This is where you can go to eat super fresh sea urchin

You can walk to Wineglass Bay from Freycinet National Park, but if you’re not keen to do all that ‘exercise’, then join a cruise. — KERRY HEANEY

It glows like a bright yellow autumn leaf drifted lightly to the ground but tastes like fresh ocean water. Sweet and briny, thick and juicy with a melt in your mouth texture, a slice of sea urchin on the wharf at St Helens on Tasmania’s east coast in Australia is a rare treat.

Diver Cameron Mead cracked open a sea urchin from his daily haul of 500kg before the rest were quickly packed into a refrigerated truck heading south to Hobart. Work stops for no one on the wharf as every skipper is keen to keep their Georges Bay catch cold and fresh, so the urchins don’t lose water. Less water means less weight and they are paid for this export quality product by the kilo.

It won’t be long until it is flying to Asia to delight high-end restaurant diners.

In a satisfying climate change twist, invasive long-spined sea urchins that have hitched a ride south on the warming East Australian Current have spawned a lucrative sustainable catch for the region’s experienced abalone divers. These prolific breeders graze on lush kelp habitats at the expense of local marine life but the fishermen are working hard to reduce numbers.

Most sea urchin is exported to Asia, but a few find their way into local restaurants. At Japanese/Asian-influenced Raida in St Helens, chef Mark Rogers has a signature dish of scallops ceviche with sea urchin. Zachary Green, chef/owner at The Waterloo Inn further south in Swansea, says freshly caught sea urchin and abalone from Coles Bay feature on their rotating menu when in season.

Tasmania’s East Coast rivers and seas also are abundant with mussels, oysters, rock lobster, and deep-sea fish. Where can you dine on these delicacies? Lease 65 on the road to Bay of Fires has plump, juicy oysters filled with the essence of the sea. Buy them straight from the wharf, freshly shucked for AU$20 (RM62) a dozen. Cash only!

Sea urchin straight off the boat at St Helens in Tasmania, Australia. — KERRY HEANEYSea urchin straight off the boat at St Helens in Tasmania, Australia. — KERRY HEANEY

Don some waders and find out what it’s like to be an oyster farmer on a Freycinet Marine Farm Oyster Bay Tour. You’ll learn how to shuck and eat an oyster matched with a local Riesling and enjoy a bowl of just harvested steamed mussels.

On the other side of Coles Bay, Melshell Oyster Shack is a small farm run by three generations of the same family. They are pioneering new golden shell Angasi oysters in the region and offer shuck and chat sessions that are all about oysters. Try their oyster Kilpatrick kebabs or oyster pate.

Bicheno is famous for its fresh-caught rock lobsters. Experience an ocean to plate lobster roll at the Lobster Shack where chilled lobster pieces are sandwiched in a lightly toasted milk bun with crisp lettuce and house-made sauce. Or simply feast on fish and chips at the wharf in Triabunna.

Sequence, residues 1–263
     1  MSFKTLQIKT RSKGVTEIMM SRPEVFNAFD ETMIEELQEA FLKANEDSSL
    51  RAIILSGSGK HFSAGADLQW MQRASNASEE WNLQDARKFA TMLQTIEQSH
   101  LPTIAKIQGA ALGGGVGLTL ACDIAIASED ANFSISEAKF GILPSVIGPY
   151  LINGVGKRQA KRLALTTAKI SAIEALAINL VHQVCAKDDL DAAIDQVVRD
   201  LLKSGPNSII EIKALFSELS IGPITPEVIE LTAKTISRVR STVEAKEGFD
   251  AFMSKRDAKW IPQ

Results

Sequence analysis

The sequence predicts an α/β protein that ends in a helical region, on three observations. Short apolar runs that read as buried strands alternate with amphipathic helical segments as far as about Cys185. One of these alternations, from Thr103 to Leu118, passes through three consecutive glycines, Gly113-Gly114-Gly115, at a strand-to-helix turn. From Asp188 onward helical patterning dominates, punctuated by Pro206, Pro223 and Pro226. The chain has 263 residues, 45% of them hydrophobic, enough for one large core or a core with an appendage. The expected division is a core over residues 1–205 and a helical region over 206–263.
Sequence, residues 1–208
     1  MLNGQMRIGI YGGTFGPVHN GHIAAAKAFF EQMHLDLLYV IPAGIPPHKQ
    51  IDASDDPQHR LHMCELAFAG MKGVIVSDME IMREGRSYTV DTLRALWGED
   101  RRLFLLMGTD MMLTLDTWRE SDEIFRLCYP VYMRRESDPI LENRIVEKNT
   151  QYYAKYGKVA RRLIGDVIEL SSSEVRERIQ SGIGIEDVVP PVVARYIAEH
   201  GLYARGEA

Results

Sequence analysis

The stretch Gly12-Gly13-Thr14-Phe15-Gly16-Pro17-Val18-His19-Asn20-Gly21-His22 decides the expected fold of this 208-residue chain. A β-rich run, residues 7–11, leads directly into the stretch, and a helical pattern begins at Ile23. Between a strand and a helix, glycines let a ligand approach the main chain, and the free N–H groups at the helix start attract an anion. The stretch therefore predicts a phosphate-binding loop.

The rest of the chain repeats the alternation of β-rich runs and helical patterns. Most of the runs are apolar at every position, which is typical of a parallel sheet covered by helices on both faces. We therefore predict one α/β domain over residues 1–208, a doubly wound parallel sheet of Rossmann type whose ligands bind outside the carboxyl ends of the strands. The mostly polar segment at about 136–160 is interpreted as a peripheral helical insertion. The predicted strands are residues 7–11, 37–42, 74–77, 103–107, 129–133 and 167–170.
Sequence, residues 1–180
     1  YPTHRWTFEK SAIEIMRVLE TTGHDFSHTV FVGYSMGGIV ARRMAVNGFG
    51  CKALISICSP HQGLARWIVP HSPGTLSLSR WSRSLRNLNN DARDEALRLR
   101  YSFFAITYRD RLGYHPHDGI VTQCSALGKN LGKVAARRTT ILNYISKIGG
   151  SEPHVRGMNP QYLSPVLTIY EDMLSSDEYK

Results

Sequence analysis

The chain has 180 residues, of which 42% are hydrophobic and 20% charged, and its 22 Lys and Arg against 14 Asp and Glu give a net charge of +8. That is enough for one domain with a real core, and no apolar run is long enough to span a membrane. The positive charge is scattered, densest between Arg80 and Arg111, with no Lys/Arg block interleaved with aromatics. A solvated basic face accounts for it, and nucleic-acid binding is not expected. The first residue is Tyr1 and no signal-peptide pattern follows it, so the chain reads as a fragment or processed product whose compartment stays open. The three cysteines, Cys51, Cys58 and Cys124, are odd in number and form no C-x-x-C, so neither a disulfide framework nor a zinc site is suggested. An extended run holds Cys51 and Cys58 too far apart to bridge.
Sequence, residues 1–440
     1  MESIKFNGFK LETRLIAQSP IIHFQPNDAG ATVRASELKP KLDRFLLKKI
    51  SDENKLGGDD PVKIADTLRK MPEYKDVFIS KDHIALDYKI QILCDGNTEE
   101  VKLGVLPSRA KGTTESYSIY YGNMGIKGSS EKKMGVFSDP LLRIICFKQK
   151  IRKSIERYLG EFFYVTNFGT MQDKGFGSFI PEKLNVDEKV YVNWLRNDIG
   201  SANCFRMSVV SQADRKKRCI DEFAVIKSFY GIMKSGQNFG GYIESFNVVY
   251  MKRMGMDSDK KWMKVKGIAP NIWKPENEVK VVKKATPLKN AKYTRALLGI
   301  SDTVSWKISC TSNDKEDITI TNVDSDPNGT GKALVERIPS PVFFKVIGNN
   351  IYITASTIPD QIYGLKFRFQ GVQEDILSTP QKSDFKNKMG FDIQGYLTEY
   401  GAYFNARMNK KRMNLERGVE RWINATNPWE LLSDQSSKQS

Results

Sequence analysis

While the ocean harvest is amazing, Tasmania’s East Coast offers more than just seafood. This coastline, with the Bay of Fires’ blood-red lichen-tinged rocks, bright blue skies, and sparkling white sand begs to be explored. It is a 50km stretch that runs from Binalong Bay to Eddystone Point and is an easy day trip from St Helens.

The East Coast also is home to Wineglass Bay. It’s a crescent of sand curved around impossibly aqua verging into blue water that is the ultimate eye candy. You can walk there through Freycinet National Park, but you’ll need reasonable fitness, walking shoes, and a few hours. The easy way is to see it by sea on a cruise. For those unmistakable aerial shots, you can hop on a helicopter or scenic flight.

Little penguins, Tasmanian devils, Australian fur seals, and humpback whales are just some of the wildlife locals here. You’ll spot them while walking through Freycinet, Douglas Apsley, or Mt William national parks or even when strolling the beach. For a guaranteed wildlife experience, take one of the many tours or cruises available.

Delicious lobster roll from The Lobster Shack in Bicheno, which is famous for its fresh-caught rock lobsters. — KERRY HEANEYDelicious lobster roll from The Lobster Shack in Bicheno, which is famous for its fresh-caught rock lobsters. — KERRY HEANEY

For walkers, there is the four-day Bay of Fires Walk and the award-winning Maria Island Walk, one of Australia’s top walking holidays.

Getting to Tasmania’s East Coast is an easy 82km, one hour drive from Hobart to Orford. This is the southern start of the coastal trail to St Helens which is 175km north. Download the East Coast Tasmania App for trip planning tips and interactive, zoom-able maps that can be used offline.

Tasmania’s East Coast is a rare opportunity to taste prime seafood metres from the pristine waters where it grows while touring an impossibly scenic coastline filled with chatty locals. For seafood lovers, it doesn’t get better than that!

Travel advisory: Malaysians visiting Australia are no longer required to quarantine upon arrival. Pre-departure tests are no longer needed too. However, some states in Australia still do require all travellers to test upon arrival (none for Tasmania!). All Malaysian travellers also need to apply for an Electronic Travel Authority or electronic visa (it is better to apply at least a week before your departure date), and complete the Australia Digital Passenger Declaration at least 72 hours before your flight. For more information, head to the Tourism Australia website.

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